*This article contains real unfortunate events that actually happened.  The names of individuals and companies have been changed in this article to protect the innocent, the not so innocent and the just plain ignorant for not reading their contract.  

Take a look at the statement below – would you agree to these terms?  

XXX Digital shall own and retain all rights to any and all programming source code, software, technology, concepts, ideas, designs and other work, materials and information the creation or development of which predate this Agreement, including all modifications thereto made during the term hereof (the “Pre-existing Material”).  

If your answer is a resounding “no”, “No way”, “Heck no” or “Are you f*cking kidding me?”  Then good for you.  Not only do you possess common sense and a fifth grade reading level but you understand that when you hire someone to do a job for you – you should own the intellectual property that not only they create for you but also what you owned before they were hired.  

The clause above is used by one of the most successful Social Media Marketing firms in the US.  One of the things that the above statement allows them to do is to not only get access to your company’s private data but to sell it to your competitors.  If you think that this may be cause for litigation you would be wrong because the same contract includes an iron clad indemnification agreement.  

I recently took a meeting with President and CEO Richard Profit* – owner of Introspekt VAR Software.  Richard informed me that he had (3) three companies taking care of his digital needs;

  • A Website Design shop – his site was circa 2003
  • A sales closing company
  • A sales lead generation company which operated by using Digital marketing

Richard informed me that he was happy with all but the sales closing company – they just couldn’t get the job done.  Everything was managed by the Social Media marketing firm based in Texas called Sales Machines International (SMI) who had Richard fly out to their studio in Austin to periodically record YouTube videos.  How much more legit can you get?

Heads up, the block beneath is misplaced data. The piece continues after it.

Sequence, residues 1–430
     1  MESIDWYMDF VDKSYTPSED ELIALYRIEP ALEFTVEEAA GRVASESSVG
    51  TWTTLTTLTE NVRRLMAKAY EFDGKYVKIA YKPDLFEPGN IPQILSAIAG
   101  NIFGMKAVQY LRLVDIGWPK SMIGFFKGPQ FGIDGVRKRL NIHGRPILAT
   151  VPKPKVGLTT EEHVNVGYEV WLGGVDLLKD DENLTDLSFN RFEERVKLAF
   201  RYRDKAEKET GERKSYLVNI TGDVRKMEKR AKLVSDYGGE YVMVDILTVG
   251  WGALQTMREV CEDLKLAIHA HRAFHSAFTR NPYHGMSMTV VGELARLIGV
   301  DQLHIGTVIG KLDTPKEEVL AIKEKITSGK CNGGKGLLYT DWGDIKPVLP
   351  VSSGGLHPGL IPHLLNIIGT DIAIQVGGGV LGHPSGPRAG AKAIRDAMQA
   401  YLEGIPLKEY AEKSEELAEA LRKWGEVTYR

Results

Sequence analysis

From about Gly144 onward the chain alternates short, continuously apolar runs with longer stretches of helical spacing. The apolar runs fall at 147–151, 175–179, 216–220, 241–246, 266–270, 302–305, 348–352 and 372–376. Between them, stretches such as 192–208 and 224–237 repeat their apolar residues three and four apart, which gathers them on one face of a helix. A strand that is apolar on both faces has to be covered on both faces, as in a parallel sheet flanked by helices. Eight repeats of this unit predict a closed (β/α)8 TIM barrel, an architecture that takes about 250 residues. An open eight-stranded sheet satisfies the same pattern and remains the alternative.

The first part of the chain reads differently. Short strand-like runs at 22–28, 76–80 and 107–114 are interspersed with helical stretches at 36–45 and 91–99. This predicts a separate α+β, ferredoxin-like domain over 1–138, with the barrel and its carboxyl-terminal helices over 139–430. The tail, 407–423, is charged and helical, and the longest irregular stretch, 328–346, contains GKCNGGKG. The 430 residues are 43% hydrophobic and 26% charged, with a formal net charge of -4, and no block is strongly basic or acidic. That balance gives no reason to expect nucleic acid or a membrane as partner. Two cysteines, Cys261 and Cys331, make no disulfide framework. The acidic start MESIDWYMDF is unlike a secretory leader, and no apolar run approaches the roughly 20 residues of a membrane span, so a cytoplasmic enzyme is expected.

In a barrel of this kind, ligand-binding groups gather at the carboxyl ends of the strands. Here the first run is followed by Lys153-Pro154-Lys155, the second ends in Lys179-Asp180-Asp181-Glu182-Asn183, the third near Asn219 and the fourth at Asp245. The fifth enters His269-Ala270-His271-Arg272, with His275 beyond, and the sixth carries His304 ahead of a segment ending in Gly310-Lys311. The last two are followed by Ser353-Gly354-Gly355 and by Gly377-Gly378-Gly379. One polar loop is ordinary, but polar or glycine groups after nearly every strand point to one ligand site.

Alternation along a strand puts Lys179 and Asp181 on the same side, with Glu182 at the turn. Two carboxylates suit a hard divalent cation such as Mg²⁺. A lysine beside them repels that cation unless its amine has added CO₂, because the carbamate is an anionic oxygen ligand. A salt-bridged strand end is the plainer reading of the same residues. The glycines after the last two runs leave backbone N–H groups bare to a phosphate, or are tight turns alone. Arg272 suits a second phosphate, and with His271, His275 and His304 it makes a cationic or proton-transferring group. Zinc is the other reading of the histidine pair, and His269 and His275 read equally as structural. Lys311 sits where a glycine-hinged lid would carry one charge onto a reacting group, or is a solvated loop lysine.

My team dug into all aspects of his digital presence and found…. Nothing.  In the (4) four years Richard had been with SMI they had managed to do the bare minimum for him.  

  • Twitter followers – only 200 with zero engagements and 1 post per week
  • FaceBook – only 67 likes with 1 post per week, again zero engagements
  • Blog – 1 per month, most under 250 words, so they were never indexed by Google
  • Newsletter – All content was taken from major periodicals, no original content
  • YouTube – all those great videos Richard made – zero views

I then checked out SMI’s page to find more of the same, hardly any social media presence – this would explain why they couldn’t deliver for their clients, clearly they had no time to deliver for themselves.  

My team presented all the facts to Richard in a conference call.  We then walked him through an online presentation proving to him this equation.

More relevant connections + More engagements + Relevant content = more sales

It was at that time that Richard confided in us that he had just signed a two year renewal agreement with SMI and that they held all of his existing collateral (4 years worth) in a database that they controlled, yet he paid for.  They informed him that they would not do a data dump and essential forbid him access to his own intellectual property.  How could this happen you may ask?  Please reference the second paragraph of this post and you will quickly understand that Richard locked himself into an expensive no-win situation.  Richard closed out with me with a call assuring me that he spoke to SMI and that they are going to do more for him.  That call was four months ago – Richard now has:

  • Twitter followers – 201 with zero engagements and 1 post per week
  • FaceBook – 67 likes with 1 post per week, again zero engagements
  • Blog – 1 per month, most under 250 words, so they are never indexed by Google
  • Newsletter – All content was taken from major periodicals, no original content
  • YouTube – zero views

In short – read your contract before signing.  Make sure you don’t give away your own intellectual property and most importantly – partner with a firm that WANTS you to succeed.